Oil and mining stocks pull up Europe

The Iseq dips on low trading volumes and little newsflow but Tullow is up nearly 6%

Ryanair was among the most actively traded, falling more than 1 per cent to €13.06. Photograph: Chris Radburn/PA Wire

Ryanair was among the most actively traded, falling more than 1 per cent to €13.06. Photograph: Chris Radburn/PA Wire

 

European shares rose on Tuesday, following a somewhat choppy session, as an advance by oil and mining companies offset weakness in some banking stocks. The Stoxx 600 rose 0.5 per cent to 334.6 after swinging between gains of 0.4 per cent and losses of 0.7 per cent.

DUBLIN

The Iseq dipped 0.4 per cent to 6,173 in a session marked by low trading volumes and little newsflow. Ryanair was among the most actively traded, falling more than 1 per cent to €13.06 after chief executive Michael O’Leary said he believed the industry would need to cut fares as a result of traveller nervousness following last month’s terrorist attacks in Brussels.

Tullow Oil soared 5.8 per cent to €2.45 as global oil prices climbed to a four-month high on reports that Saudi Arabia and Russia had reached an agreement on output restrictions. Brent rose 3.7 per cent in London to $44.40 a barrel, having earlier touched levels not seen since early December.

Kerry lost 1.2 per cent to €81.80, giving up some of its recent gains as the stock touched on all-time highs, as the stock’s defensive qualities lost some of its allure, for the moment.

Irish banking stocks fared better than many European peers, with Permanent TSB up 5.1 per cent and Bank of Ireland adding 0.4 per cent.

On the bond market, the market interest rate on Ireland’s benchmark 10-year notes rose for a second straight session, ahead of a €750 million bond sale tomorrow, as investors continued to worry about the political stalemate following the general election and the prospects of the economy being hit by the UK exiting the European Union.

The yield on Ireland’s 2026 bonds rose 0.6 percentage points to 0.88 per cent.

LONDON

The blue-chip FTSE 100 index closed 0.1 per cent lower at 6,200.12 points. Mining stocks such as Anglo American and Glencore rose, boosted by data showing that deflationary pressures had eased in China, the world’s biggest consumer of metals. However, shares in housebuilders such as Berkeley, Barratt Developments, Taylor Wimpey and Persimmon all fell.

Traders said the housebuilding and property sector was being hit by concerns about UK economic growth and a slowdown in the London prime property market, which could be exacerbated if Britain voted in June to leave the EU (Brexit).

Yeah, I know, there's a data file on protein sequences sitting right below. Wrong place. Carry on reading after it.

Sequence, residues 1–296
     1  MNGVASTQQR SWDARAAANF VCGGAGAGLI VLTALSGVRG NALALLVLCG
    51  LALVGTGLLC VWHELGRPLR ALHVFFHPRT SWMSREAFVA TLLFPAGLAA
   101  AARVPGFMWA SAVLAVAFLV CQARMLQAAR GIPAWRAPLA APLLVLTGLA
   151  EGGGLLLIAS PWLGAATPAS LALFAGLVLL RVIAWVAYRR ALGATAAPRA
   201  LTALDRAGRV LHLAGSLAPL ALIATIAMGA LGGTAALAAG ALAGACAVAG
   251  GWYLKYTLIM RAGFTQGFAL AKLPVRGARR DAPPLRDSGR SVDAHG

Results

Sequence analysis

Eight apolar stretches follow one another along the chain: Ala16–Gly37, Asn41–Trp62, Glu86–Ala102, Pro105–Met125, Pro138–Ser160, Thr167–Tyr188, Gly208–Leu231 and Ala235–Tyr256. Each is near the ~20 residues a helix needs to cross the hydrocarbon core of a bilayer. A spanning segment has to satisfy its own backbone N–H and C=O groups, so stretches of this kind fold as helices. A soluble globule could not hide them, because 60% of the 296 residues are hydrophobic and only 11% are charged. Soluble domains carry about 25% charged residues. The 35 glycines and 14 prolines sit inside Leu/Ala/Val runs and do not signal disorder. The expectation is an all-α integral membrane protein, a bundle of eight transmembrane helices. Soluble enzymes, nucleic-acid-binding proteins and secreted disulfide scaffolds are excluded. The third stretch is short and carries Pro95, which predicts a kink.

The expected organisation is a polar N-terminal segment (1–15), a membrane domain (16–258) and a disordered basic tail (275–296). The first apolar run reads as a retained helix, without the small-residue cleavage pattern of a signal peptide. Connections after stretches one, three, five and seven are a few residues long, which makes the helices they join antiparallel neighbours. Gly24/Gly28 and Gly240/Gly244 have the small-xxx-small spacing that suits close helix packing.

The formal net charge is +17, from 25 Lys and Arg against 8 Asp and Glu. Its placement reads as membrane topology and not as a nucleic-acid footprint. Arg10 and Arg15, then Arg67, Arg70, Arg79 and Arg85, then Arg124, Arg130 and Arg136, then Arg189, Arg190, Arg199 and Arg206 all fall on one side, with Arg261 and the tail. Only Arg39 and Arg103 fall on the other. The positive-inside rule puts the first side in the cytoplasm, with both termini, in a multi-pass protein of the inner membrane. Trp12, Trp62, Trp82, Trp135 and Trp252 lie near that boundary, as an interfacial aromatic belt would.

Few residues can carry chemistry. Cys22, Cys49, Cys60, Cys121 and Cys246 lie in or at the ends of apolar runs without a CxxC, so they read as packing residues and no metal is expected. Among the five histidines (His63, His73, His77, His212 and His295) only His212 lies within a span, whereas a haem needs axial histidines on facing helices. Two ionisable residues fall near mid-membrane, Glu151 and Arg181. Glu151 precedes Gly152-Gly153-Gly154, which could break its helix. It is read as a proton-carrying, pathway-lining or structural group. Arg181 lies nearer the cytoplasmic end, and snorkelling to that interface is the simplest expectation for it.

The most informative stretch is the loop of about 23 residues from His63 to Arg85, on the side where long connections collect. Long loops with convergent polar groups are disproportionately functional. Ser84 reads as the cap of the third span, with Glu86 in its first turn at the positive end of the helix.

EUROPE

Across the continent, Germany’s DAX advanced 0.8 per cent while the CAC 40 in France gained 0.7 per cent.

Intesa Sanpaolo and UniCredit led Italian lenders lower with losses of more than 6 per cent as investors reassessed the likely efficacy of the newly-announced bad-bank fund.

LVMH dragged consumer stocks down after posting sales that missed estimates.

Anglo American jumped 7.1 per cent, pushing miners to the biggest advance on the Stoxx Europe 600 Index, after its De Beers unit forecast stronger diamond sales, and metals advanced.

Accor added 5.5 per cent after China’s Jin Jiang International (Holdings) Co was said to be considering increasing its stake in the French hotelier.

NEW YORK

Wall Street shares were in positive territory in mid-afternoon trade there, helped by a surge in oil prices.

The S&P 500 index has risen more than 12 per cent from its low in February as oil rebounded and data suggested that the US economy was recovering.

Still, global risks remain a concern. The International Monetary Fund cut its global growth forecast for the fourth time in the past year on Tuesday, citing China’s slowdown and chronic weakness in advanced economies.

The Dow Jones industrial average was up 0.72 per cent at 17,682.94, while the S&P 500 gained 0.64 per cent to 2,054.96 and the Nasdaq Composite rose 0.37 per cent, at 4,851.05.

Starbucks fell 3 per cent to $59.06 after Deutsche Bank downgraded the stock to “hold” from “buy”.